May lethal autonomous weapons systems—‘killer robots ’—be used in war? The majority of writers argue against their use, and those who have argued in favour have done so on a consequentialist basis. We defend the moral permissibility of killer robots, but on the basis of the non-aggregative structure of right assumed by Just War theory. This is necessary because the most important argument against killer robots, the responsibility trilemma proposed by Rob Sparrow, makes the same assumptions. We show that the (...)
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  23. Peer disagreement and higher order evidence.Thomas Kelly - 2011 - In Alvin I. Goldman & Dennis Whitcomb (eds.), Social Epistemology: Essential Readings. New York: Oxford University Press. pp. 183--217.
    My aim in this paper is to develop and defend a novel answer to a question that has recently generated a considerable amount of controversy. The question concerns the normative significance of peer disagreement. Suppose that you and I have been exposed to the same evidence and arguments that bear on some proposition: there is no relevant consideration which is available to you but not to me, or vice versa. For the sake of concreteness, we might picture.
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  24. Why Be Random?Thomas Icard - 2021 - Mind 130 (517):111-139.
    When does it make sense to act randomly? A persuasive argument from Bayesian decision theory legitimizes randomization essentially only in tie-breaking situations. Rational behaviour in humans, non-human animals, and artificial agents, however, often seems indeterminate, even random. Moreover, rationales for randomized acts have been offered in a number of disciplines, including game theory, experimental design, and machine learning. A common way of accommodating some of these observations is by appeal to a decision-maker’s bounded computational resources. Making this suggestion both precise (...)
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  25. The Origin of the Phenomenology of Feelings.Thomas Byrne - 2022 - Journal of the British Society for Phenomenology 53 (4):455-468.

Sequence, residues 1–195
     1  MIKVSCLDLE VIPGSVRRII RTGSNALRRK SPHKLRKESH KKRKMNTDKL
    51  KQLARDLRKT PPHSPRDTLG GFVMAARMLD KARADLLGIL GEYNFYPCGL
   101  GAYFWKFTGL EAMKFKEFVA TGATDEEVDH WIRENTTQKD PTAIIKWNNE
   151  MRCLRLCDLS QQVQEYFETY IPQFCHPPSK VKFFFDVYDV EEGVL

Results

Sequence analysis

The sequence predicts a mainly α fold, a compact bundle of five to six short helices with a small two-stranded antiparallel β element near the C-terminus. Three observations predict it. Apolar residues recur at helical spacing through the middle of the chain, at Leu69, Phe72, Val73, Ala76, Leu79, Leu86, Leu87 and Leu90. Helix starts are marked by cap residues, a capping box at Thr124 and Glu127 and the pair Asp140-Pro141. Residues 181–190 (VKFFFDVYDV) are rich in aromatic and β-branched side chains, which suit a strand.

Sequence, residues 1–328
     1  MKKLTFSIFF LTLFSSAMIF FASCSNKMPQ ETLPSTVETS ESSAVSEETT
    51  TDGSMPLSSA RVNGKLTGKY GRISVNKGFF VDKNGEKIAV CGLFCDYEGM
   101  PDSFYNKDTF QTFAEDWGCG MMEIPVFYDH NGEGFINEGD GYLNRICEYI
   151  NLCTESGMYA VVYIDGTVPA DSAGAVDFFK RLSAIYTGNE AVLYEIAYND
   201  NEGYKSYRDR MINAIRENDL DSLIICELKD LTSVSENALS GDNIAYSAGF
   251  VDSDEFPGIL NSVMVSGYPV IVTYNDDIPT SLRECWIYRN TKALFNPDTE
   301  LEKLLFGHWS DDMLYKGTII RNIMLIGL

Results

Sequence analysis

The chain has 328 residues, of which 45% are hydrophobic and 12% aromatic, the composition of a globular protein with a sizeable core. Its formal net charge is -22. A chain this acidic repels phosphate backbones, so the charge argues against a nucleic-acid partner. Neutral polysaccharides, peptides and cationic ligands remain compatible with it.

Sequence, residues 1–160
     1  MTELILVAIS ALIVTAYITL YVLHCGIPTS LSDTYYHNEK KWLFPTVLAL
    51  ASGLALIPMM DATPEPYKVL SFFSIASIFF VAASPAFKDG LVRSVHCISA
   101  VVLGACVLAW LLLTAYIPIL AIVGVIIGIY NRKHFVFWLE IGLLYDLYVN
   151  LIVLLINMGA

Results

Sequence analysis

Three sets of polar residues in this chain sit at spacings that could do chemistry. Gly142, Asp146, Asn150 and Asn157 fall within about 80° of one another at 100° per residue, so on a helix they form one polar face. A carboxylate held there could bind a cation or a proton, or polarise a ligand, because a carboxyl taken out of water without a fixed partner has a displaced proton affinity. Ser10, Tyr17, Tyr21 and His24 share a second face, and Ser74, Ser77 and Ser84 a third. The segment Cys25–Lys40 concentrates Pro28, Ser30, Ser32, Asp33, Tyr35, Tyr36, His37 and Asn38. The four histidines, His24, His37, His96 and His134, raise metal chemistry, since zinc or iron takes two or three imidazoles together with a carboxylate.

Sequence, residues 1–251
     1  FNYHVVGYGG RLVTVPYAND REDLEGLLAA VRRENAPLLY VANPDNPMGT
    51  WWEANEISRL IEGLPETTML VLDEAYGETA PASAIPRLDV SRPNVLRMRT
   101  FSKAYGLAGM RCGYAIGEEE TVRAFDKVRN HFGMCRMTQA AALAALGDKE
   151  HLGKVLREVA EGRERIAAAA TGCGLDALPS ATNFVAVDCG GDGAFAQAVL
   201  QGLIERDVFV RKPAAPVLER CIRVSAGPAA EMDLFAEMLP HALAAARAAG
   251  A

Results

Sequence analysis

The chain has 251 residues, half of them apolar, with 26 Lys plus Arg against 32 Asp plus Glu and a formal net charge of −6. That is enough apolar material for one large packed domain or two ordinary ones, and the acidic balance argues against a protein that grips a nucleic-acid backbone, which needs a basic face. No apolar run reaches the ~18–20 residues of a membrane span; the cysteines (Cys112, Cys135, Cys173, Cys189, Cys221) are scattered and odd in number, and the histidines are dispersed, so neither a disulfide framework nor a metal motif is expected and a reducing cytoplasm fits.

This paper accomplishes two goals. First, I present a distinct interpretation of the inception of the phenomenology of feelings. I show that Husserl’s first substantial discussion of intentional and non-intentional feelings is not from his 1901 Logical Investigations, but rather his 1893 manuscript, “Notes towards a Theory of Attention and Interest”. Husserl there describes intentional feelings as active and non-intentional feelings as passive. Second, I show that Husserl presents a somewhat unique account of feelings in “Notes”, which is partly different (...)
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  26. Subjective Probability as Sampling Propensity.Thomas Icard - 2016 - Review of Philosophy and Psychology 7 (4):863-903.
    Subjective probability plays an increasingly important role in many fields concerned with human cognition and behavior. Yet there have been significant criticisms of the idea that probabilities could actually be represented in the mind. This paper presents and elaborates a view of subjective probability as a kind of sampling propensity associated with internally represented generative models. The resulting view answers to some of the most well known criticisms of subjective probability, and is also supported by empirical work in neuroscience and (...)
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  27. The Recent Renaissance of Acquaintance.Thomas Raleigh - 2019 - In Jonathan Knowles & Thomas Raleigh (eds.), Acquaintance: New Essays. Oxford, United Kingdom: Oxford University Press.